Ryan's and Arup's problem was that the unrecorded phenomena that had caused the wobble - subsequently dubbed synchronous lateral excitation - was hard to clarify and even harder to explain to a non-technical audience. At the first press conference Arup held, once it began to understand the nature of the problem, non-technical journalists did their best to trap senior Arup staff into blaming it all on 'the wrong type of walking'.
Luckily, media training is standard for all senior Arup personnel, and this particular pitfall was spotted in plenty of time.
But time itself became the press office's biggest burden. As the months dragged on and the bridge remained very obviously closed, the media could never leave the story alone. NCE and London's Evening Standard were perhaps the most persistent harriers of Ryan during this period - Ryan herself is diplomatic on the subject - but NCE 's revelation of the details of the proposed cure for the wobble in advance of the planned media announcement in November 2000 must have been more than a little irritating.
Ryan says only: 'The trade press in particular is always fighting for exclusives, and we couldn't maintain good long term relationships with all of them if we were seen to play favourites. In the event NCE got the story from the local planning department, not from us.'
During this very trying period for the practice, the importance for company-wide morale of good internal communications became very apparent. 'We did our best to keep everybody up to date with what was happening, and made it clear, both internally and externally, that we never had any doubts that we would find a solution and the bridge would reopen, ' Ryan affirms.
'The most difficult part was learning how to explain the reasons for our confidence and what our research was showing to a non-technical audience.'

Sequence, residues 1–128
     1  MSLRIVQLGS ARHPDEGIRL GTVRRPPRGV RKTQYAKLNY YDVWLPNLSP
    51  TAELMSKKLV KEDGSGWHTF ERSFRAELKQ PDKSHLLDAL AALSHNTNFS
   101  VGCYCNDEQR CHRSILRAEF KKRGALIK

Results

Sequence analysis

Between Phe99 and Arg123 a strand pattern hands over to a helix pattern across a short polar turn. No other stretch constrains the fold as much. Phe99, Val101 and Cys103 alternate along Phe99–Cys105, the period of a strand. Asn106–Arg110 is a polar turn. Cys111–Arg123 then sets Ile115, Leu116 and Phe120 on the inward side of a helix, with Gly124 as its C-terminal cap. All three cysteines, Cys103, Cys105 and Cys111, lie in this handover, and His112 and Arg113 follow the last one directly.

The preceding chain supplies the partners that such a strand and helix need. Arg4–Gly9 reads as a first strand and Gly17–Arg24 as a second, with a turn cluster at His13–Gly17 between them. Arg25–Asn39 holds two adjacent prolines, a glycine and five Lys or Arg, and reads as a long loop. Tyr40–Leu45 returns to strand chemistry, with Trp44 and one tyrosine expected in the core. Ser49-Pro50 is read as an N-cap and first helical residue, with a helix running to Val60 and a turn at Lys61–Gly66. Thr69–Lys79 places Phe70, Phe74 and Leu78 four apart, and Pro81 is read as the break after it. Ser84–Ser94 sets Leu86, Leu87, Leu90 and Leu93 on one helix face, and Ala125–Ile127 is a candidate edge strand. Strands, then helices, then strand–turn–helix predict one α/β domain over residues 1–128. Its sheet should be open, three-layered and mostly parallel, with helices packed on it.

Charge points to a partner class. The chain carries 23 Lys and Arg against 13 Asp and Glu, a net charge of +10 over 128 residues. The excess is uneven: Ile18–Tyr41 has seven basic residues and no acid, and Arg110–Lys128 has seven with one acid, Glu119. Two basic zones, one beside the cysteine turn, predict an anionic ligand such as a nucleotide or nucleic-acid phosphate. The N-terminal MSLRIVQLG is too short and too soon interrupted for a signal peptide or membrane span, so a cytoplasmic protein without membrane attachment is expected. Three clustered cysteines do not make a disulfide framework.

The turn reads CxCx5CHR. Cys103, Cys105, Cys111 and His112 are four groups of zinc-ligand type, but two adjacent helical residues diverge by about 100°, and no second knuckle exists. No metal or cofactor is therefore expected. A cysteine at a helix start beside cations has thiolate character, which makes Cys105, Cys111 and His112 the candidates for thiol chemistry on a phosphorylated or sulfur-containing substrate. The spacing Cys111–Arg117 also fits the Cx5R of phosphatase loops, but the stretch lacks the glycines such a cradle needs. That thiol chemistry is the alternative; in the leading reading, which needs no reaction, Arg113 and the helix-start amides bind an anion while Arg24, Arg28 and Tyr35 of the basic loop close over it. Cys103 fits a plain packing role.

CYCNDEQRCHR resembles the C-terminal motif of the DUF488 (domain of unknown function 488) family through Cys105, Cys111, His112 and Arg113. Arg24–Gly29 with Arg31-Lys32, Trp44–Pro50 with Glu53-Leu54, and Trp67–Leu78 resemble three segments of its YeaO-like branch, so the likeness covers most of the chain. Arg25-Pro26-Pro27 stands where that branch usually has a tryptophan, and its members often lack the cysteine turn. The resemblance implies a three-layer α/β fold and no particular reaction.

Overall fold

History will record that Arup's confidence was well-founded.
The Millennium Bridge reopened, and is now a major crossing of the Thames for Londoners and tourists alike. Two concluding events sealed its rehabilitation in the eyes of the media.
In January this year, some 2,000 volunteers carried out the final tests of the anti-wobble retrofit. Rather than shun the inevitable media interest, Arup decided to turn the tests into a cross between a family picnic and a public relations event, confident that the success of the tests would go a long way to banishing the wobbly bridge stain from its escutcheon.
It worked. A few weeks later the final chapter in the saga concluded with the premiere of a specially commissioned orchestral work at the Festival Hall.
This finale, says Ryan, was a sign of Arup's pride in the bridge - and its staff.
Ryan herself, though obviously 'glad it's fixed, glad it's open', also confesses to having experienced 'tremendous highs' during the 18 month saga.
She adds: 'PR is like engineering and other professions. Training can only get you so far. There was no textbook response to the Millennium Bridge problem, we had to learn the hard way, and finally we were able to manage the publicity.'